By Harry McCracken | Monday, November 9, 2009 at 11:53 pm
It’s not love, war, or baseball. But over the years some memorable things have been said about technology. Some have been memorably eloquent; others are unforgettably shortsighted, wrongheaded, or just plain weird. Let’s celebrate them, shall we?
A few ground rules for the list that follows: I considered only statements attributable to a specific individual, which ruled out most ad slogans (“Think Different”) and many durable Internet memes (“You are in a maze of twisty passages, all alike”). I did, however, include individuals who happened to be fictional, or canine, or inanimate. I also let a couple of quotes slip in that are not strictly speaking about technology, though neither would exist without it–one from 1876, and one from earlier this decade. Sue me.
It’s hard to rank quotes by how notable they are. So I faked it by listing them using an imprecise, unscientific factor I call Googleosity: the number of results Google reports that reference (or riff upon) each quote. (You may quibble with the queries I performed to determine Googleosity, but I tried my best.) Googleosity tends to reward quotes that are not only famous but fun–they’re the ones that people like to allude to, to parody, and to generally weave into blog posts and other online conversation.
We’ll start with the quote with the lowest Googleosity factor, and work our way up from there.
Quote type: Satire as product evaluation.
Circumstances of origin: In Garry Trudeau’s Doonesbury strip for August 27th, 1993, as Mike tries out his new PDA’s handwriting recognition; it’s what the PDA thinks he meant when he scribbles “Catching on?”
Why it’s notable: Trudeau’s sequence tweaking Apple’s high-profile Newton attracted attention at the time–the PDA had debuted earlier that month–and it still comes up frequently in discussions of the product. Some Newton fans seemed to blame the strips for contributing to the product’s ultimate failure, although the platform hung on until 1998. The Newton engineers, however, took the jibe gracefully, tacking the strip up on the wall as inspiration and building a version of the “Egg Freckles?” panel into a later Newton model as an Easter Egg.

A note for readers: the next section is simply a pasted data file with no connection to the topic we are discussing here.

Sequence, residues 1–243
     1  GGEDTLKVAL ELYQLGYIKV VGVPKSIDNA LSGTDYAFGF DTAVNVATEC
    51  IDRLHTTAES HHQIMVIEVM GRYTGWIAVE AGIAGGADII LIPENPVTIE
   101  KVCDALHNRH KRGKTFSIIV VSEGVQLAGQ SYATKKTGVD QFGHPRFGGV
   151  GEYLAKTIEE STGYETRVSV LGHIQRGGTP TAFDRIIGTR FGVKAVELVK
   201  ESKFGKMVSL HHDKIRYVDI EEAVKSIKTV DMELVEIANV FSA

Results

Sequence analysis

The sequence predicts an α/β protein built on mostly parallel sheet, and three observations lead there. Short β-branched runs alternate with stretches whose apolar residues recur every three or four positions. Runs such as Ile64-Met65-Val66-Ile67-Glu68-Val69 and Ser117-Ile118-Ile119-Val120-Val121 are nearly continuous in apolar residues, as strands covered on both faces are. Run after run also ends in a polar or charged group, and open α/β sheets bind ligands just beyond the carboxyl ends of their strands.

Quote type: Terse goading.
Circumstances of origin: The statement was one of three ‘Sayings from Chairman Jobs” that Jobs shared at a January, 1983 Macintosh team retreat in Carmel, California. The groundbreaking computer was behind schedule and wouldn’t end up shipping for another year. (The other two sayings: “It’s better to be a pirate than join the Navy” and “Mac in a book by 1986.”)
Why it’s notable: Jobs was right–the technological innovations that matter most are the ones that appear in products that consumers can actually buy. Here’s a good blog post on how the “Real artists ship” ethos impacts Apple to this day.
Quote type: Momentous moment.
Circumstances of origin: Torvalds posted to the comp.os.minix newgroup to seek input on Linux, which he had just begun developing.
Why it’s notable: In an industry notorious for overhype–especially for new operating systems–this modest little message is one of the most hype-free major product announcements ever. Torvalds’ “hobby” went on to change the world, in part by inspiring such other worthy open-source projects as Mozilla’s Firefox.
Quote type: Inconvenient half-truth.
Circumstances of origin: Before the media at the launch of Sun’s Jini technology, January 26th 1999.
Why it’s notable: Former Sun CEO McNealy may be the most irritable man in technology. (He once told me I’d asked him the dumbest question he’d ever heard.) His dismissal of a question about the privacy implications of the company’s Jini platform for distributed services is shocking–in part because CEOs touting new technology usually don’t talk like that, and in part because his blanket statement is closer to being true than most of us would care to admit.
Quote type: Boneheaded miscalculation.
Circumstances of origin: A talk to the World Future Society in Boston, presumably before an audience full of folks who disagreed with him.
Why it’s notable: Unlike the similarly shortsighted “I think there is a worldwide market for maybe five computers,” Olsen’s seemingly blithe dismissal of the home PC is definitively real. But Olsen and his defenders say he was quoted out of context–that he was talking about all-powerful computers that would control lights, temperature, entertainment, and meals. I admire the guy, so I’ll cut him some slack. Is it a coincidence, though, that when DEC attempted to enter the home computer market five years later, it was with a famously miserable machine?